And the character of the Spalding, at Superior Street and Fifth Avenue West, was spectacular for its time: a mammoth brownstone-and-brick building anchoring the west side of downtown with an airy lobby and every modern convenience in its guestrooms. Its main dining room, on the sixth floor overlooking the harbor, had a view that "will make the dining room of the Spalding famous from one end of the country to the other," the Daily News proclaimed.

Deals and transactions that shaped the history of the Northland were conducted within the Spalding's walls; community celebrations were held in its dining rooms and bar. Among its famous guests was Theodore Roosevelt, who stayed at the Spalding in October 1912 while campaigning as the Progressive candidate for president.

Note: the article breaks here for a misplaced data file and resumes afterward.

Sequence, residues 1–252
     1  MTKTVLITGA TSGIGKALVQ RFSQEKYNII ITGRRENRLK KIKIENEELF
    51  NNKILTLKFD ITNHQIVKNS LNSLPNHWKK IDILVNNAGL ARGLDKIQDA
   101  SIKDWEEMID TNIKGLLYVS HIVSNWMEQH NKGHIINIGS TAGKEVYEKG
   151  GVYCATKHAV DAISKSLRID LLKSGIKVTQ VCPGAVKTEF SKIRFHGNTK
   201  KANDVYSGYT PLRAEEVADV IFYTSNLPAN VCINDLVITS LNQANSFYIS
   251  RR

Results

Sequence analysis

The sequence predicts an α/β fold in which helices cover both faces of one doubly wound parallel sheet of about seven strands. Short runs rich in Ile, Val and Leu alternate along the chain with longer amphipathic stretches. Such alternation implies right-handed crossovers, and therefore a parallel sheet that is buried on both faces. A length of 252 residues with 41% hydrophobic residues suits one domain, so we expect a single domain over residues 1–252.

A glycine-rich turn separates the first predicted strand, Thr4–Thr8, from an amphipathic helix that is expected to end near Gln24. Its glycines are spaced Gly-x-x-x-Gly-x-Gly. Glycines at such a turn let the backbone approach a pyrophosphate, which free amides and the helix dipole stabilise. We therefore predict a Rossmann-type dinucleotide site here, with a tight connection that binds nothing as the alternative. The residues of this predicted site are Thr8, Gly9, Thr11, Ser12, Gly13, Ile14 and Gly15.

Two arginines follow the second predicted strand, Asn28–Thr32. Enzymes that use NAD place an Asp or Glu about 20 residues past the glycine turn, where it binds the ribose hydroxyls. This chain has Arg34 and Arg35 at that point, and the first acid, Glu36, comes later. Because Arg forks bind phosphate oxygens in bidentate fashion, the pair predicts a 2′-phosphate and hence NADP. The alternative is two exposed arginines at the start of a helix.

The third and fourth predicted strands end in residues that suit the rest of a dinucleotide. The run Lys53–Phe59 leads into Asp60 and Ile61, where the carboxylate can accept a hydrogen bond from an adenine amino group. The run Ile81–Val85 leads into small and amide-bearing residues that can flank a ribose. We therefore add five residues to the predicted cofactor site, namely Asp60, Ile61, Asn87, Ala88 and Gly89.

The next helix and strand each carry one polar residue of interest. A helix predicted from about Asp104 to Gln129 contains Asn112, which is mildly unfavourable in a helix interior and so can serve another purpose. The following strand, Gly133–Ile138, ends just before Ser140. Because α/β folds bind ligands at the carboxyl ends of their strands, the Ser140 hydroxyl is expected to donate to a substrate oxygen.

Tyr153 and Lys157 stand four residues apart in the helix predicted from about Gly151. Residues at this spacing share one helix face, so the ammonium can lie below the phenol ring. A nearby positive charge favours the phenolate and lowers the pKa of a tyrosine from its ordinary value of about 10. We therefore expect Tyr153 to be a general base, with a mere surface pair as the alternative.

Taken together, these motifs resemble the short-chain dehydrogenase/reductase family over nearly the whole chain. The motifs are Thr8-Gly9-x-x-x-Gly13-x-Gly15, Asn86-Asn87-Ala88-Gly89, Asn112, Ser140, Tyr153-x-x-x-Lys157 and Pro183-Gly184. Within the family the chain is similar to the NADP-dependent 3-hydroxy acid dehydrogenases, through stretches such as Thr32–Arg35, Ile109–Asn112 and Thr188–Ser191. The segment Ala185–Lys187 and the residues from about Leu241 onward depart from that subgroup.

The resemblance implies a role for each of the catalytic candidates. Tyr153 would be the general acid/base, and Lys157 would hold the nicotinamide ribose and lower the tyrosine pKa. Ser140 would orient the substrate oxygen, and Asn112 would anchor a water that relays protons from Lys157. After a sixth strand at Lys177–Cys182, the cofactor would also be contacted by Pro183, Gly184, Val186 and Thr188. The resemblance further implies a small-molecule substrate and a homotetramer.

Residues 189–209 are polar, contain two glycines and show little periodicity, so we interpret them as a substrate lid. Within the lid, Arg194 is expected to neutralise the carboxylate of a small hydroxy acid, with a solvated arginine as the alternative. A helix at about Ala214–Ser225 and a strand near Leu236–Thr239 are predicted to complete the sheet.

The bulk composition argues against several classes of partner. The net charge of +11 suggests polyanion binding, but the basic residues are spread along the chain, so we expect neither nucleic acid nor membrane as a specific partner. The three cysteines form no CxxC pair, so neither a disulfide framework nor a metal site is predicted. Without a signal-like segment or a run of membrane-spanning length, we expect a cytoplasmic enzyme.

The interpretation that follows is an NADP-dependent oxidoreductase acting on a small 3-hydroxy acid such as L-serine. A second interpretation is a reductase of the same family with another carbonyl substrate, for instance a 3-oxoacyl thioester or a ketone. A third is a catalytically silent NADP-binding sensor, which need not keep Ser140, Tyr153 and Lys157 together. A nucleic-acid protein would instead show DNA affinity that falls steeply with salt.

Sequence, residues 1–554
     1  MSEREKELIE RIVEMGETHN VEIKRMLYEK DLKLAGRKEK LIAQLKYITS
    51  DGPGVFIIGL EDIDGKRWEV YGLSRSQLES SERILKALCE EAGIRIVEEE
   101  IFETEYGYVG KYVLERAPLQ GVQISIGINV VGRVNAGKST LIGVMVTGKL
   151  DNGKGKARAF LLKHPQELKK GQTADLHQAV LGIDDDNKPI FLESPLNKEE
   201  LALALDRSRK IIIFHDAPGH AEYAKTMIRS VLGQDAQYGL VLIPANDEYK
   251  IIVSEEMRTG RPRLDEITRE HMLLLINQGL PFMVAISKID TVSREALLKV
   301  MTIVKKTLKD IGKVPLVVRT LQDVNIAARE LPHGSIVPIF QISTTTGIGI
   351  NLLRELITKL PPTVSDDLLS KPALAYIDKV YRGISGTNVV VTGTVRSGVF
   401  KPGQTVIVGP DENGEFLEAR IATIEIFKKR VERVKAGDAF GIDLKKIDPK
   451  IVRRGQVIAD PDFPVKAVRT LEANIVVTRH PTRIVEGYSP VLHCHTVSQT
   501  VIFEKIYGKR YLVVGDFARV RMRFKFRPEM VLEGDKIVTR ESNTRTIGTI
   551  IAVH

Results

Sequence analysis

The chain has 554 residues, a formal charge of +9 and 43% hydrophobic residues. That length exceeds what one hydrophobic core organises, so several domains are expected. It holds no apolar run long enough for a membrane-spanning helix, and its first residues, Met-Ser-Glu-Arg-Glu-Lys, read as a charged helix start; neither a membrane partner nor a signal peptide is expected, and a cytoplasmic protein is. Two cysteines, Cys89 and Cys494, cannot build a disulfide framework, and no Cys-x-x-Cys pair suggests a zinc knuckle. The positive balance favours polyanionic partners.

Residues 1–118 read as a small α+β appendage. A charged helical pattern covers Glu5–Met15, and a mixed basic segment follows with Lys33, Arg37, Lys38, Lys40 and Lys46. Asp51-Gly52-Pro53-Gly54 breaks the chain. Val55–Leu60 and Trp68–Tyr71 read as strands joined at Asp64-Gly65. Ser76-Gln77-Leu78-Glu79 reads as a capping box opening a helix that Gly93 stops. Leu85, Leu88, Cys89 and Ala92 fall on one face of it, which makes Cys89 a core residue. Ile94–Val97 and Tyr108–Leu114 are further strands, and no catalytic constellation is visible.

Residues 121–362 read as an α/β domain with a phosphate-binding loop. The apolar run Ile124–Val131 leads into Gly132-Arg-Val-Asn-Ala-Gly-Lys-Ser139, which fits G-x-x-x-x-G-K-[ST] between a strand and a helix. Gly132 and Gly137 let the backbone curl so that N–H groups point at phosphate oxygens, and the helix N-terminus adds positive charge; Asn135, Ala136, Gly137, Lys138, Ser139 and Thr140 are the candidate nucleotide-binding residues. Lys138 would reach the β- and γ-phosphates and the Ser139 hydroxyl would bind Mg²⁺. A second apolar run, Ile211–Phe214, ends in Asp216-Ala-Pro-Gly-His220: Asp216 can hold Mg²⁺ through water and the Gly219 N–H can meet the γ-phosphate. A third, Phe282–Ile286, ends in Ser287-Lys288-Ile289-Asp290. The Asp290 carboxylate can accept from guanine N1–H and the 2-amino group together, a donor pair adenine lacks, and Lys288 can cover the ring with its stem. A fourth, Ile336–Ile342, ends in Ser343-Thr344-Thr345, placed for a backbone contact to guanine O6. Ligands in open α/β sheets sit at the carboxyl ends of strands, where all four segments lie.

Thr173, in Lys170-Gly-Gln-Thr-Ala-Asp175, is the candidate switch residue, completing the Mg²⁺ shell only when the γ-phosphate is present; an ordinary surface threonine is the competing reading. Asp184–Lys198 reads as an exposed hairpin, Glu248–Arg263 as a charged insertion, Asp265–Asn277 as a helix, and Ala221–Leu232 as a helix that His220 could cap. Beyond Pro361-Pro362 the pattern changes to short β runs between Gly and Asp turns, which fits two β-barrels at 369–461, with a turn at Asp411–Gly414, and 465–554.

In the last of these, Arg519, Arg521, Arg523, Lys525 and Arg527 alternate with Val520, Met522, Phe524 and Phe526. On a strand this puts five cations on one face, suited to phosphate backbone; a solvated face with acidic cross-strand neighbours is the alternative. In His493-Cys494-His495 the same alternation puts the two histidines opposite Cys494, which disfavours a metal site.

Tough times

The Spalding's standing took a hit in 1925 when the flashy new Hotel Duluth -- now known as Greysolon Plaza -- opened up at the other end of downtown.

As it was knocked from its perch as the city's premiere hotel, the Spalding found itself in a neighborhood of declining reputation. The Bowery, as that stretch of Superior Street was called, was home to dive bars and many other, less-reputable hotels.

"Prohibition didn't end the Bowery's ills, and the city's clearing of saloons and brothels on Minnesota Point ... in the 1930s only increased the Bowery's marginalized population," Dierckins and Maryanne Norton wrote in "Lost Duluth." "After World War II, the area became populated by retired laborers with no pensions and troubled young men returning from service overseas. Many had alcohol problems."